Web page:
- Traumatic tattoos result from deposition of pigment in the skin by abrasion. Common causes include trauma from gravel referred to as “road rash,” pencil graphite, or by explosive forces as with shrapnel and fireworks. These materials become lodged in the dermis after reepithelialization of the wound and result in blue/ black tattoos.
- Medical tattoos are placed as markers for radiation therapy. These are usually black, carbon-based inks
Laser tattoo removal is based on the principle of selective photothermolysis, the conversion of laser energy to heat, which selectively destroys tattoo ink. Tattoo ink is the target chromophore in tattoos. Different ink colors are preferentially absorbed by specific wavelengths of light as shown in. When laser energy is applied to skin it is converted to heat within ink particles, causing fragmentation of large particles and rupture of fibrous capsules surrounding the ink. Smaller ink particles are then eliminated through epidermal extrusion, lymphatic drainage, and macrophage phagocytosis . The surrounding skin minimally absorbs energy and remains unaffected. Laser-treated ink particles also have altered optical properties rendering ink that remains in the skin less visible to the eye. Q-switched lasers that generate high-power pulses with very short widths in the nanosecond range (and more recently mode-locking lasers that generate picosecond pulse widths) are used for tattoo removal. In addition to selective photothermolysis, these lasers operate under the principle of photoacoustic vibration where oscillation of ink particles facilitates fragmentation and removal (see also Introduction and Foundation Concepts, Very Short Pulse Lasers section).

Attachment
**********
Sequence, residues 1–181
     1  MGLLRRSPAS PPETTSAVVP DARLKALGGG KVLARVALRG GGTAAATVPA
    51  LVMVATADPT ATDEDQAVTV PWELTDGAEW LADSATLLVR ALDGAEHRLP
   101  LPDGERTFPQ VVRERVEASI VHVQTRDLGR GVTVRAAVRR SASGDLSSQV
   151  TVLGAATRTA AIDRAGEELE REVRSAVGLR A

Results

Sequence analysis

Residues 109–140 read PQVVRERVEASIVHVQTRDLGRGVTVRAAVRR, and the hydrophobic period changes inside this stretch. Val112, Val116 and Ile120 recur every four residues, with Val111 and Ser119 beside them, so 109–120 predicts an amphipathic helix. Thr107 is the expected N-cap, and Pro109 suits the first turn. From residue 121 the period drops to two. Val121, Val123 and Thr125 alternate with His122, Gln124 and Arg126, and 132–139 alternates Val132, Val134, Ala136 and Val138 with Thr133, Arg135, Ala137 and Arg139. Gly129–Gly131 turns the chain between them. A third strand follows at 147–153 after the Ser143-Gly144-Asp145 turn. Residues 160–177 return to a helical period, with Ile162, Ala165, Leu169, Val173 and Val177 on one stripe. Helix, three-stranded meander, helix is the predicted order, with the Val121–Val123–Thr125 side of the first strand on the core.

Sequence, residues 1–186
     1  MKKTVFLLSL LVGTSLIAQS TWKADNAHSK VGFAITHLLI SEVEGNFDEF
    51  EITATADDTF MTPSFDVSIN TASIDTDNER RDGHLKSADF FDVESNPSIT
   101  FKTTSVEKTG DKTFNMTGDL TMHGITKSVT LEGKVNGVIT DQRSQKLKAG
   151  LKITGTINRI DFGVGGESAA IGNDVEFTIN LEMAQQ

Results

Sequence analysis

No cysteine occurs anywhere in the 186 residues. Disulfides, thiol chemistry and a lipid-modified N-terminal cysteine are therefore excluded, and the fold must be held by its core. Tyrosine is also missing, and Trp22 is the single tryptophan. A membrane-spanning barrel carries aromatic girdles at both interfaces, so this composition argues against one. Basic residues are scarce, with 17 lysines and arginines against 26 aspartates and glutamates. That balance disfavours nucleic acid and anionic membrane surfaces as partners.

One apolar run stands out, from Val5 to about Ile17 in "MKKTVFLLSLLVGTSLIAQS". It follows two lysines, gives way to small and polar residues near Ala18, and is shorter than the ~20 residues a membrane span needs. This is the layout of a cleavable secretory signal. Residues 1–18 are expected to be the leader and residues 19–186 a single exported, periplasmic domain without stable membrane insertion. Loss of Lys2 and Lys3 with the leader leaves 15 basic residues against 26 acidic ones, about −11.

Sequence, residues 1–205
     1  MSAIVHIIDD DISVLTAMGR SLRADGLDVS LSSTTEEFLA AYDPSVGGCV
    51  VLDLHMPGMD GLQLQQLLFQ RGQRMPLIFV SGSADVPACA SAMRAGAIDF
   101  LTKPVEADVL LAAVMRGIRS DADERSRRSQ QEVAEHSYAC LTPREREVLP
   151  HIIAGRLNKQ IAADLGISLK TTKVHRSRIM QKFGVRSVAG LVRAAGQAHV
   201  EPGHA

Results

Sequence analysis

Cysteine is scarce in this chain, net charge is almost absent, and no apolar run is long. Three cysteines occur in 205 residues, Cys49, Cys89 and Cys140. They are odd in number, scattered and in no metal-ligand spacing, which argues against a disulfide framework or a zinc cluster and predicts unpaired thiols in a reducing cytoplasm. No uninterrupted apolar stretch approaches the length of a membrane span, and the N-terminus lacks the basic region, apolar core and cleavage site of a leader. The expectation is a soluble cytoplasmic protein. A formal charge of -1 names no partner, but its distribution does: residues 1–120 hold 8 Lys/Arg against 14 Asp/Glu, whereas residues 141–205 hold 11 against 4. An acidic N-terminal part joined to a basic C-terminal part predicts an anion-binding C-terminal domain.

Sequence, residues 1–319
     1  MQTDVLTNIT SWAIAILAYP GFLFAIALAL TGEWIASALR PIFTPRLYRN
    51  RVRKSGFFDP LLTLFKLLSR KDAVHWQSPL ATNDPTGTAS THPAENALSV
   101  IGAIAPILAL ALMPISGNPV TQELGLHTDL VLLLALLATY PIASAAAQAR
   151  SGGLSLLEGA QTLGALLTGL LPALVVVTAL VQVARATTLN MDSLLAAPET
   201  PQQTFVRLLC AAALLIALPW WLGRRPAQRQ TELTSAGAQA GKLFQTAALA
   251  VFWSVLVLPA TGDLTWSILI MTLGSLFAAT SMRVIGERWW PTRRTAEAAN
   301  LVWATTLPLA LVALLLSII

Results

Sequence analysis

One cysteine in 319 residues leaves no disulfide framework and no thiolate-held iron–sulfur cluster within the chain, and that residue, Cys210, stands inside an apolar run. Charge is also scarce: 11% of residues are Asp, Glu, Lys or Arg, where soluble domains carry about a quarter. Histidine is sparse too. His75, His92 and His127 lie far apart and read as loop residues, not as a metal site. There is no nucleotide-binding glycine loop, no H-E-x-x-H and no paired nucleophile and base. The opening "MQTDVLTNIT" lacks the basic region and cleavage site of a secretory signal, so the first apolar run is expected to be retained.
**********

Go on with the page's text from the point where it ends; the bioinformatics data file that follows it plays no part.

Laser parameters (also referred to as settings) such as wavelength, pulse width, spot size, and fluence can be modified at the time of treatment to maximize tattoo ink removal and minimize thermal damage to surrounding tissue (also see Introduction and Foundation Concepts, Laser Parameters section). • Wavelength. Wavelength is selected to target the appropriately colored ink. Lasers used for tattoo removal include QS 1064, QS 755, QS 694, QS 650, QS 585, and QS 532 nm. The 1064 nm wavelength penetrates deeply, is less absorbed by epidermal melanin than other wavelengths and is, therefore, the safest tattoo removal wavelength that causes the least epidermal injury.